Reinventing Denmark through Painting
Through a century of wars, fires and bankruptcy, the spirit of the Danish people not only endured, but eventually inspired the world – through the eyes of its artists.
“The story of 19th century art may be about Paris, London, Berlin, Dusseldorf and Brussels as major art centers – but Copenhagen was a very lively place,” says Patricia Berman, co-curator of an exhibition of Danish masterworks that’s set to open at Scandinavia House in New York in October.
Danish Paintings from the Golden Age to the Modern Breakthrough covers the years from the late 18th century through the early 20th. Co-curated with Thor Mednick, it’s composed of highlights of John L. Loeb’s extensive collection of paintings by some of Denmark’s best known and most influential artists.
“It provides a survey of Danish work from the neoclassicists of the late 18th century through the symbolism of 20th” she says. “It’s really high quality work.”
During that time, Denmark found itself on the losing side of the Napoleonic Wars, saw its military and merchant fleet turned over to Sweden, then engaged in a series of Prussian wars. Copenhagen burned twice: once by accident in 1795, and then firebombed by the British in 1807.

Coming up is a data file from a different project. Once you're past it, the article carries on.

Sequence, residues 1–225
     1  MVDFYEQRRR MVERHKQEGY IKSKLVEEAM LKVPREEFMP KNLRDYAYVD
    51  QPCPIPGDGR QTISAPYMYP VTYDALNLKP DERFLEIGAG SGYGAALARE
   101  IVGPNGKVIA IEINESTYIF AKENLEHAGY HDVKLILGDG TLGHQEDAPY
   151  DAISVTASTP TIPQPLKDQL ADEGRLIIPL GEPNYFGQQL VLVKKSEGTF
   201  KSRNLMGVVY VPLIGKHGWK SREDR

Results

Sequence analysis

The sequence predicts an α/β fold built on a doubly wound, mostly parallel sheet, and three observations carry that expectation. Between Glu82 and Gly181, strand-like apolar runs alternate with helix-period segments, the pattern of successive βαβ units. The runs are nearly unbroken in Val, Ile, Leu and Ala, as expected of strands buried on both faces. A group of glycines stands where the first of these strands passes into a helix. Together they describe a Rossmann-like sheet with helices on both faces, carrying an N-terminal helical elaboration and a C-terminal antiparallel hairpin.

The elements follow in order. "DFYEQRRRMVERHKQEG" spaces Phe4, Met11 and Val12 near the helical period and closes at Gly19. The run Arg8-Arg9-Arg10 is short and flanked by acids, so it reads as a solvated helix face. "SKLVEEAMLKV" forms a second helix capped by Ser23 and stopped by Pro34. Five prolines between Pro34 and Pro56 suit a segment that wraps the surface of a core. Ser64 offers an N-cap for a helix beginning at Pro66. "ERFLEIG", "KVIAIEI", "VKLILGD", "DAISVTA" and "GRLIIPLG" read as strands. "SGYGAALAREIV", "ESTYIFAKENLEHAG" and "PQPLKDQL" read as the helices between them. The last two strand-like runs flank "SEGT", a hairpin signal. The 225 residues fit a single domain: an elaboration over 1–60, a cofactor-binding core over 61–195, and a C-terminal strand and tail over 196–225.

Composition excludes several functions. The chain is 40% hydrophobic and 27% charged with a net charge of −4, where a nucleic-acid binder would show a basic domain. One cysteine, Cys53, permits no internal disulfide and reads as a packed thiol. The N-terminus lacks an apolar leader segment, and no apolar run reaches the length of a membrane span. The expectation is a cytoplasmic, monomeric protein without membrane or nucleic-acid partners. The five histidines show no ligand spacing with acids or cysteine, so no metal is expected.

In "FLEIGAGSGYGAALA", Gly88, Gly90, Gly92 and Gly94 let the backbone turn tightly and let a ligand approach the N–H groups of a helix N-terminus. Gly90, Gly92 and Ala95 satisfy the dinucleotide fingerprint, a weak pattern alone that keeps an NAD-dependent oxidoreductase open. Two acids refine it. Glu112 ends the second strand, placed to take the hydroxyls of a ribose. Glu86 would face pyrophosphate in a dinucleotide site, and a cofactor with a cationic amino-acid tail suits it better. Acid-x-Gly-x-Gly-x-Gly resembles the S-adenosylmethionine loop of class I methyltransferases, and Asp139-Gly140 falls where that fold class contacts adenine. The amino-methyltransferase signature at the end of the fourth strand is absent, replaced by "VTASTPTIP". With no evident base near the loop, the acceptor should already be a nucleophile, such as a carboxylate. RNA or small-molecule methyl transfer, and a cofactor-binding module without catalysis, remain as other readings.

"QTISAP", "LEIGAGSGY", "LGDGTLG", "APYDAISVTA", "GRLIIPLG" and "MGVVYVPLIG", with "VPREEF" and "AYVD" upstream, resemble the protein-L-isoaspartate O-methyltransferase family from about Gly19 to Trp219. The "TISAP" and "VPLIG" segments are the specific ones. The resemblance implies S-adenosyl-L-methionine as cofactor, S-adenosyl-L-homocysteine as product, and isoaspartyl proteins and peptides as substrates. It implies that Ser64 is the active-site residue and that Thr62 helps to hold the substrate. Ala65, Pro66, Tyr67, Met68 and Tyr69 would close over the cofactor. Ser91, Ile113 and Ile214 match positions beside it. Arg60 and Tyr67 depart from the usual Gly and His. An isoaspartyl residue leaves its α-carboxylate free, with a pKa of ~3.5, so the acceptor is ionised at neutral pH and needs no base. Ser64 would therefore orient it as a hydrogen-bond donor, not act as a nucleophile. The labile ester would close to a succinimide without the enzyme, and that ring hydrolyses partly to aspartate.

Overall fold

“The monarchy and its naval power were in shambles in the mid-19th century,” she says.
Still, the artists persevered. Encouraged by trade, a middle class began to grow – and to buy the local art it found at exhibitions.
“The artists were reimagining the country as a rural utopia,” she says. “So there was the idea of coming back after the crash, with a love of landscape, and attentiveness to rural life and its patterns.”
By the 1880s and ‘90s, they established an artists’ colony at Skagen, a fishing village where the North Sea meets the straits of Denmark. It attracted a great deal of attention, as Impressionists and Post-Impressionists from Germany, France, Norway and Sweden came to spend their summers there.
It got good press. “Hans Christian Anderson went there and wrote about it in local Copenhagen newspaper,” she says. “He wrote that it’s beautiful, it’s rustic and it’s our place to visit.”
That paid off in spades. Before long, Robert Louis Stevenson showed up for a visit. Edvard Munch’s first exhibition was there, along with others by Gauguin and van Gogh.
“It was one of most important artists’ colonies in Europe,” she says. “People were coming there by boat or train during its heyday.”
Beginning Oct. 12 at Scandinavia House, we can all go to see why.
For more information, go to www.scandinaviahouse.org.